- The height of Quezon Memorial Shrine’s three vertical pylons was based on President Quezon’s age when he died. Read more
- One of Quezon’s lesser-known talents involved his mastery of the piano, as evidenced by the time he single-handedly taught a trans-Atlantic ship’s orchestra how to play the Philippine national anthem. Read more
- One huge controversy that erupted during World War II involved Quezon giving American general Douglas MacArthur $500,000. Read more
3. The Thirteen Martyrs of Bagumbayan (1897)
The “Thirteen Martyrs of Bagumbayan” is a collective name given to those forgotten Filipino patriots who, after being implicated in the Katipunan, were executed by firing squad on January 11, 1897–twelve days after Rizal’s death.
Those who aren’t adept in history have often mistaken these patriots for another group of martyrs in Cavite from which the capital of the province, Trece Martires, was named after. Unlike the former who were executed in Bagumbayan (now Luneta), the 13 martyrs of Cavite were sentenced to die by firing squad at Plaza de Armas near Fort of San Felipe, Cavite City on September 12, 1896.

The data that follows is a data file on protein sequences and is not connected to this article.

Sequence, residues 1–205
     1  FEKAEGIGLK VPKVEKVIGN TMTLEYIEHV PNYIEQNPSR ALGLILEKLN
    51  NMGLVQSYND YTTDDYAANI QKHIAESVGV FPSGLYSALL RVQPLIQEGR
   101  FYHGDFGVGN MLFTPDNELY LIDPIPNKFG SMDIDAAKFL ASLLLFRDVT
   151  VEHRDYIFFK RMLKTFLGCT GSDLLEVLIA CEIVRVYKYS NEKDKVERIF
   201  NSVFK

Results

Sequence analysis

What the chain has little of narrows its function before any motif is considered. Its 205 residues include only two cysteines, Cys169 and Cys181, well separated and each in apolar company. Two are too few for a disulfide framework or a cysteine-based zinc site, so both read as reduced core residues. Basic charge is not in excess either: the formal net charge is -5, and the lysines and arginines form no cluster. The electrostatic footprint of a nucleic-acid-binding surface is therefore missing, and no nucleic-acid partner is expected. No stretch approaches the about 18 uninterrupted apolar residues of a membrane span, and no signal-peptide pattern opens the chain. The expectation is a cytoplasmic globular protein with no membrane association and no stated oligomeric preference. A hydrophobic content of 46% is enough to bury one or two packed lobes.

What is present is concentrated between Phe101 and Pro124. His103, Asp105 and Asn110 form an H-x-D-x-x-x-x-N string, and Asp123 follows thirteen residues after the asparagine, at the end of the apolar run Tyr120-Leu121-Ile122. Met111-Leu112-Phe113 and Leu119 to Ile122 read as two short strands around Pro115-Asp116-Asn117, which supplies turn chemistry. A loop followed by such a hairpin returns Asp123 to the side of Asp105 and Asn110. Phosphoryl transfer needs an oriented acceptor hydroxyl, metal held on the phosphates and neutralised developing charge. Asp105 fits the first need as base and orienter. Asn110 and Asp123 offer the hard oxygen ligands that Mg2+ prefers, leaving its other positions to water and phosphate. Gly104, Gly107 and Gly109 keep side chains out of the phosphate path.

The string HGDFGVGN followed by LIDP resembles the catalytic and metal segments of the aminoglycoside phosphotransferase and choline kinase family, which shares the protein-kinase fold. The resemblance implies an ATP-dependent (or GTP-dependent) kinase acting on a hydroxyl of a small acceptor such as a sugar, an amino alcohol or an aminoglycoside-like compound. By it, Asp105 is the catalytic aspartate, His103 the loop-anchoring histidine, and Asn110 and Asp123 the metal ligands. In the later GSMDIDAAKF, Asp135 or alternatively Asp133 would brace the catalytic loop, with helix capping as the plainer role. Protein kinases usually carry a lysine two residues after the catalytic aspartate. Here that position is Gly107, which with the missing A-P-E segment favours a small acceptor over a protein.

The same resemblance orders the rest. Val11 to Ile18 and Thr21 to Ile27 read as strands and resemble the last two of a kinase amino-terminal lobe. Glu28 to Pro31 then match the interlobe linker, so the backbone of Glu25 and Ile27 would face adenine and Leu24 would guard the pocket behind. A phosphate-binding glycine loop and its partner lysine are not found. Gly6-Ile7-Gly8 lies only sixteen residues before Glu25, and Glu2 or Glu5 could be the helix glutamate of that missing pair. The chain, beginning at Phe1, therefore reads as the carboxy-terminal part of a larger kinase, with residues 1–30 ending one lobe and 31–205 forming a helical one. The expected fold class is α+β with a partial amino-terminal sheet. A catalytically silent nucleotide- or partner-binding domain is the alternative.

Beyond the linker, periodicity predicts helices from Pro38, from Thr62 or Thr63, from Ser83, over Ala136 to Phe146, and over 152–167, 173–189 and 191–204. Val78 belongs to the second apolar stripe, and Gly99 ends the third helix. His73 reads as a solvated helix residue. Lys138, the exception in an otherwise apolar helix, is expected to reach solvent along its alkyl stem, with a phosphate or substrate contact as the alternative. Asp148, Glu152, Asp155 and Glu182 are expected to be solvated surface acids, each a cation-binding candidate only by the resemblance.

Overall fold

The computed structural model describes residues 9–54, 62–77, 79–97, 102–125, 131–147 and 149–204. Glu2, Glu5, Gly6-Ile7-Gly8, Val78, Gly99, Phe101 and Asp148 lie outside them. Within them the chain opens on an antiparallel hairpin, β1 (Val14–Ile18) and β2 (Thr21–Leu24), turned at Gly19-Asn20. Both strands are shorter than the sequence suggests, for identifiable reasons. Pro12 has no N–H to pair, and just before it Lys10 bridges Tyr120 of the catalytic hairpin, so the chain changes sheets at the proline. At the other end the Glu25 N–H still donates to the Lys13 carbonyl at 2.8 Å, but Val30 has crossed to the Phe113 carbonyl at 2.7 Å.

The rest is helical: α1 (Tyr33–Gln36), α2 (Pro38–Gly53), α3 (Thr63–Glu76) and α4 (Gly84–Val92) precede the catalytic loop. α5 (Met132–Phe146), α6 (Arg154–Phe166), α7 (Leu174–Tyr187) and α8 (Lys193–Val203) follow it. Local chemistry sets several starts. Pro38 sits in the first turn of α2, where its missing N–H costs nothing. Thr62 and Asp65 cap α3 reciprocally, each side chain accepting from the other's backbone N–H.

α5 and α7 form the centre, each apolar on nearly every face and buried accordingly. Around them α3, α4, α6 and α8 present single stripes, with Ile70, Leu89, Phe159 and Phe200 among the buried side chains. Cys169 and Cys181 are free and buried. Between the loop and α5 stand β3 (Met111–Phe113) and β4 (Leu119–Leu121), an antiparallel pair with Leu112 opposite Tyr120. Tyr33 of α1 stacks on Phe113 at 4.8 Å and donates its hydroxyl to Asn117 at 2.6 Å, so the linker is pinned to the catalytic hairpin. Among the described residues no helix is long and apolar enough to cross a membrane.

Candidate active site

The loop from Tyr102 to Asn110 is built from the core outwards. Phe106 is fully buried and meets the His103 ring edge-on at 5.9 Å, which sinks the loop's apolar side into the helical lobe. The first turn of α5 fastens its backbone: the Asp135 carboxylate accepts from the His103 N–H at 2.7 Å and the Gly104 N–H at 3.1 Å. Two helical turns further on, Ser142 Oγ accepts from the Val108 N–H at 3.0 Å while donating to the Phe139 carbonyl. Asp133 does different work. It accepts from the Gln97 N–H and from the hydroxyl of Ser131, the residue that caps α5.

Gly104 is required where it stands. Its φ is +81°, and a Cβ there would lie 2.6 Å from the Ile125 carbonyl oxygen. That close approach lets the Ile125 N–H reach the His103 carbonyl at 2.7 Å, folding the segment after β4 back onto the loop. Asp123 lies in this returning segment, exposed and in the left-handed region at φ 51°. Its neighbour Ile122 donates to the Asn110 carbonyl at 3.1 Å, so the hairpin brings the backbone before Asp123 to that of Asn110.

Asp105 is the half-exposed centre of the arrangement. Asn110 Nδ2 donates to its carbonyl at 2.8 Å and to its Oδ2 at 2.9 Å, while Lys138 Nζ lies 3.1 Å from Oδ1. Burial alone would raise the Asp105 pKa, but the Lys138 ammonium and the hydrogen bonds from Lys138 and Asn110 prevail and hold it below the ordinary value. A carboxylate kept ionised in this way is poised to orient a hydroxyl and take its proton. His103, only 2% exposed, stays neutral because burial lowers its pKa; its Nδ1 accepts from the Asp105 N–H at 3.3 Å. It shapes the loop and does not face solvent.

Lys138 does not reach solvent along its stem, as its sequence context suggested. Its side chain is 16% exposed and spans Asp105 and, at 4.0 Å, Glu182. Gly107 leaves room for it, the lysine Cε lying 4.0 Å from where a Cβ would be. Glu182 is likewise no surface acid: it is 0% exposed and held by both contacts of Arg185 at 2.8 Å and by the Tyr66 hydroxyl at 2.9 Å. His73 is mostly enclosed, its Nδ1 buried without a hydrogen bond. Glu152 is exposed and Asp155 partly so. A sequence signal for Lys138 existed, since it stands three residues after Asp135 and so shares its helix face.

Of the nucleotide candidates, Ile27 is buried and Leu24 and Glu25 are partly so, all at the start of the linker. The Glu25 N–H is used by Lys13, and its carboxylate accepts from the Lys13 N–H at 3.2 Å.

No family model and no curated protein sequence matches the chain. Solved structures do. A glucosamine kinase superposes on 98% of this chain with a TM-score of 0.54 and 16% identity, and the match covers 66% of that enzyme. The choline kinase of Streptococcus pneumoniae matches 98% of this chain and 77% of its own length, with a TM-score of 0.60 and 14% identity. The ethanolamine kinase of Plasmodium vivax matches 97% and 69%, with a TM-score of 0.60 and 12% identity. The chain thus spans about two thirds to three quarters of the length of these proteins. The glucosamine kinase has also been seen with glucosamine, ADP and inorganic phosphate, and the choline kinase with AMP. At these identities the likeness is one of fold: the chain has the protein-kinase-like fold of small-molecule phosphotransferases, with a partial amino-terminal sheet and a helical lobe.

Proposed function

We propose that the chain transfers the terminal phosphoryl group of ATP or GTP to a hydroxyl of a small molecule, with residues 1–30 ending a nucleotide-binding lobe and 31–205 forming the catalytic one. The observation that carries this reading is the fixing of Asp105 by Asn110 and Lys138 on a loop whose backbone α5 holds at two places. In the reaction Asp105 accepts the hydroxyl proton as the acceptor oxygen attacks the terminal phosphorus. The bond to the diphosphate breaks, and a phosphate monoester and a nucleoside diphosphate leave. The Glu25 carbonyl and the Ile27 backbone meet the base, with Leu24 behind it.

Two photographs of the execution of the 13 martyrs of Bagumbayan exist: the one showing them just before the execution (see photo above) and another one showing the dead martyrs lying face down on the ground.
The thirteen martyrs–all freemasons–were Domingo Franco, a tobacco merchant; Numeriano Adriano, a lawyer; Moises Salvador, member of the Liga Filipina; Francisco Roxas, a businessman; Jose Dizon, a Katipunan member; Benedicto Nijaga, a second lieutenant in the Spanish army; Cristobal Medina, a corporal in the Spanish army; Antonio Salazar, a businessman; Ramon Padilla, an employee of the Manila customs house; Faustino Villaruel, a merchant from Pandacan; Braulio Rivera, a Katipunan member; Luis Enciso Villareal, member of the Liga Filipina; and Faustino Manalac (not Eustacio Manalac as some sources suggest).
- Ramon Padilla, one of the thirteen martyrs, once had a confrontation and almost had a duel with Emilio Aguinaldo. The altercation happened after the latter was inducted into the Katipunan. Andres Bonifacio intervened and later asked Padilla to apologize or else a duel would take place. Padilla eventually apologized. Bonus Trivia: Aguinaldo and Bonifacio almost had a duel.